Objections are Opportunities

September 12, 2017
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Back in the day, during the “Golden Age of Dentistry” a dentist was assured success
merely by outfitting an office and hanging out a shingle. Dentists were overwhelmed with
a deep schedule filled with patients wanting to “fix” their teeth with MODBL wraparound
amalgams, “Adaptic” composites and gold “veneer” crowns. Life was simpler for our
patients. There was the early abundance of the “Baby Boom” era and seemingly little
competition for the discretionary funds allotted to “fixing” one’s teeth. There was little
confusion with dental insurance as it could only help and the benefits allowed were
reasonable for the fees that were charged.

A great deal has changed since that time. The “Baby Boom” generation has given rise to
multiple industries, which seduce this population’s desires to look good, feel well and
have fun. Consumer electronics is a $1.3 trillion industry. The automobile industry shows
revenues of $609 billion. Entertainment yields $500 billion and Fashion pulls in $300
billion. Dentistry, by comparison has become a smaller “player” at $110 billion. The
difference is that years ago people “needed” dental treatment and they readily paid to
have it done. Today, they want many expensive “things” more than the dentistry they
need. Our industry has tried to help keep dentists in the forefront of things that people
want with the development of cosmetic materials and procedures. The cosmetic results
that we are able to achieve with smile design, ceramics and resins, and even whitening
should have boosted our success in having patients choose dentistry over other
indulgences. There has been a huge disconnect in dentists being able to overcome their
view that dentistry is needed more than the truism that it is optional. In nearly every
practice we visit, dentists and their teams exhaust themselves “educating” patients about
what they need and they then become frustrated when patients say, “Doctor, I’ll think
about it.” or “I’ll do the fillings, but I’m going to wait on the crowns.” We need to guide our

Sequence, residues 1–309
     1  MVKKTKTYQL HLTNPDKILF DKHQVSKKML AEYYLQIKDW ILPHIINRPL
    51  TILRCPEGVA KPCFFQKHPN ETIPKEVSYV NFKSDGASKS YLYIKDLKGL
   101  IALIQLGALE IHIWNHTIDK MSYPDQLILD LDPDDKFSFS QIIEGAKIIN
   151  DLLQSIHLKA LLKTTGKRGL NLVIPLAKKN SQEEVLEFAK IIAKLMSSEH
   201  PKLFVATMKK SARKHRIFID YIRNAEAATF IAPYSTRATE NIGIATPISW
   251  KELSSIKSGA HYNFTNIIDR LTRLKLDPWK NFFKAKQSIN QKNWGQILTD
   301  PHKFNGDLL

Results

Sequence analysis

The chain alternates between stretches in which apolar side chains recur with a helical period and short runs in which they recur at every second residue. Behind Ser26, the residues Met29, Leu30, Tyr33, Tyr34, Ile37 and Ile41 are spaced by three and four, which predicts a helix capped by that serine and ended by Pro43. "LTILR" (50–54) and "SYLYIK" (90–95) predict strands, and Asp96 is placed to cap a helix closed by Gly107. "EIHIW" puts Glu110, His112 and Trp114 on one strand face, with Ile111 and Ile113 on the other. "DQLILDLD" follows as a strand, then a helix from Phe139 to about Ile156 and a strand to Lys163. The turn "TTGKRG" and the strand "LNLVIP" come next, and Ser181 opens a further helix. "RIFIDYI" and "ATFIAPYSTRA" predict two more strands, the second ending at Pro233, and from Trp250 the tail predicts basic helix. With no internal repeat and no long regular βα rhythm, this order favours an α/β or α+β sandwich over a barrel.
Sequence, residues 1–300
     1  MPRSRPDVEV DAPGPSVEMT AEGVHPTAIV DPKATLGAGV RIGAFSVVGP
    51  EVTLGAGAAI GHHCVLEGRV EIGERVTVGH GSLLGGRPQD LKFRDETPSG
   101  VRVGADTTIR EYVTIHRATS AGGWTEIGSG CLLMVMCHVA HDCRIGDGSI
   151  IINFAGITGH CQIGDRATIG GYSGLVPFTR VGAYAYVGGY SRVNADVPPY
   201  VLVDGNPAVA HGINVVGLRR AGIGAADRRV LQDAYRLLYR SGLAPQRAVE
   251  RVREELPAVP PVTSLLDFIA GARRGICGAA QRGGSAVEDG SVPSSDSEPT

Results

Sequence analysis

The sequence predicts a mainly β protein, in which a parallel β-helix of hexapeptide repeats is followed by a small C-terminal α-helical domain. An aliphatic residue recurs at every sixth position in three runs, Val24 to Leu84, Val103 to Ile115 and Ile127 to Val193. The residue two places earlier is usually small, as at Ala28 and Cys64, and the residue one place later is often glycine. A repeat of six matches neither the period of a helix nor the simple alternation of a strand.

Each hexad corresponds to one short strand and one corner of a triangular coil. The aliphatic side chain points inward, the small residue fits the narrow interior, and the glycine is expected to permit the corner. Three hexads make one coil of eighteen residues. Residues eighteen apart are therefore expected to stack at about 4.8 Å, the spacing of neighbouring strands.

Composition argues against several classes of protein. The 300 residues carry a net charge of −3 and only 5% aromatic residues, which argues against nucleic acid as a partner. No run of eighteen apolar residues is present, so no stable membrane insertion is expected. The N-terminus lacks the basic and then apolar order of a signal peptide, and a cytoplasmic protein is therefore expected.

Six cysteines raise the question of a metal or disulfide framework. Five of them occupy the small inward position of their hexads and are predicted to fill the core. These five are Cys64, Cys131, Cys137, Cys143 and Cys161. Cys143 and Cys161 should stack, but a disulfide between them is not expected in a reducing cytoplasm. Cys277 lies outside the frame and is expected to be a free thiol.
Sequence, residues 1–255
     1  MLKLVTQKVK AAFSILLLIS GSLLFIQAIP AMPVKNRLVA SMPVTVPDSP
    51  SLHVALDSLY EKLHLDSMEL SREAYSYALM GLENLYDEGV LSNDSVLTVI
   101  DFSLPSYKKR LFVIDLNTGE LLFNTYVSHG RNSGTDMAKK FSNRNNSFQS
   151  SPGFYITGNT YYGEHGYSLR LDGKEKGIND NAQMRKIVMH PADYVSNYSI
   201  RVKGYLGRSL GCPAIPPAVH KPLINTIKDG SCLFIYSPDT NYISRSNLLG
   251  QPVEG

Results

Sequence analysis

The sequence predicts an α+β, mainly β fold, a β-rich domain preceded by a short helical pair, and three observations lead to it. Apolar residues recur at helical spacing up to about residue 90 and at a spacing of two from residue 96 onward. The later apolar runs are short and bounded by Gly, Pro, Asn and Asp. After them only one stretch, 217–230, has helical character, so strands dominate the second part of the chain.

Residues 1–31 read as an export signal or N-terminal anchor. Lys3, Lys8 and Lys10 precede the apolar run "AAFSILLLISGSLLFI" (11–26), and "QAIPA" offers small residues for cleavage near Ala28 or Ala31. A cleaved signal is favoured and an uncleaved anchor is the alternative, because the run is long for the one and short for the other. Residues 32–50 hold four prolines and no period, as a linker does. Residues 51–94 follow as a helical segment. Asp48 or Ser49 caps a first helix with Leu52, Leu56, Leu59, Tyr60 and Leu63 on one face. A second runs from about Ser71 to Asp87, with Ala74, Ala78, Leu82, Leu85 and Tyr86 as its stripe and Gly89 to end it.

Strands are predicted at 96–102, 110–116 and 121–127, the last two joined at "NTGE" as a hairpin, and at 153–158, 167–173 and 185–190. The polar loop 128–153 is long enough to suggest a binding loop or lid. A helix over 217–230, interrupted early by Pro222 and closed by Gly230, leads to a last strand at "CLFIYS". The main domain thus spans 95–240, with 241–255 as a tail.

patients into making better “emotional” decisions about their care.

Realize that our success is not dependent on educating our patients and telling them
what they need to have done, but rather working in conjunction with our entire team to
inspire our patients to want to care for situations in their mouth, which may have a
greater impact on other aspects of their life.

The alternative to patients dismissing their need for treatment and leaving with
statements like I’ve listed previously, and having some interest, is when they begin to
ask questions. From what we have seen, most dentists view the concept of questions as
potential objections to treatment. Nothing could be further from the truth. The fact that a
patient asks questions means that on some level, they have connected with the concept
of treatment and they are looking for the doctor or treatment coordinator to help them
through the intellectual concerns of their emotional “want”.

The perceived objections to treatment usually surface with questions about 5 very
distinct potential barriers.

1. Cost

2. Fear

3. Time

4. Need or sense of urgency

5. Trust

If you and your team are able to help the patient satisfy their concern for whichever one,
or more, of these issues is raised, then you will turn this potential objection into an
opportunity to provide them with the care that you know they need and now, they want.
The key to overcoming these objections is having benefit oriented scripts which validate
the patient’s concern, reinforce that others have had similar concerns and providing the
patient with solutions to help them overcome their perceived objection. When you
accomplish this you can convert objections into opportunities for comprehensive care.

Dr. Katz Bio

Dr. Katz’s practice was destroyed by a series of life tragedies 15 years ago. He
systematically rebuilt it to become a multi-million- dollar practice with an emphasis on
relationships and customized care. Dr. Katz is a Master in the Academy of General
Dentistry and a Fellow in the International College of Dentists. He has been the Team
Dentist for the New York Jets Football Team and a Dental Consultant to Channel 5 Fox
News in New York. He was the owner of Smiles On Broadway Dental Care in Malverne,
NY for 32 years and he was the Founder of Smile Potential Dental Practice Coaching.
He is an award-winning speaker, author and Practice Coach. He can be contacted by
phone at 516-599- 0214 or by email at drkatz@smilepotential.com. Be sure to contact
Dr. Katz for the scripts to help overcome objections, as discussed in this article. For
more information about growing your practice, look at his website at
www.smilepotential.com

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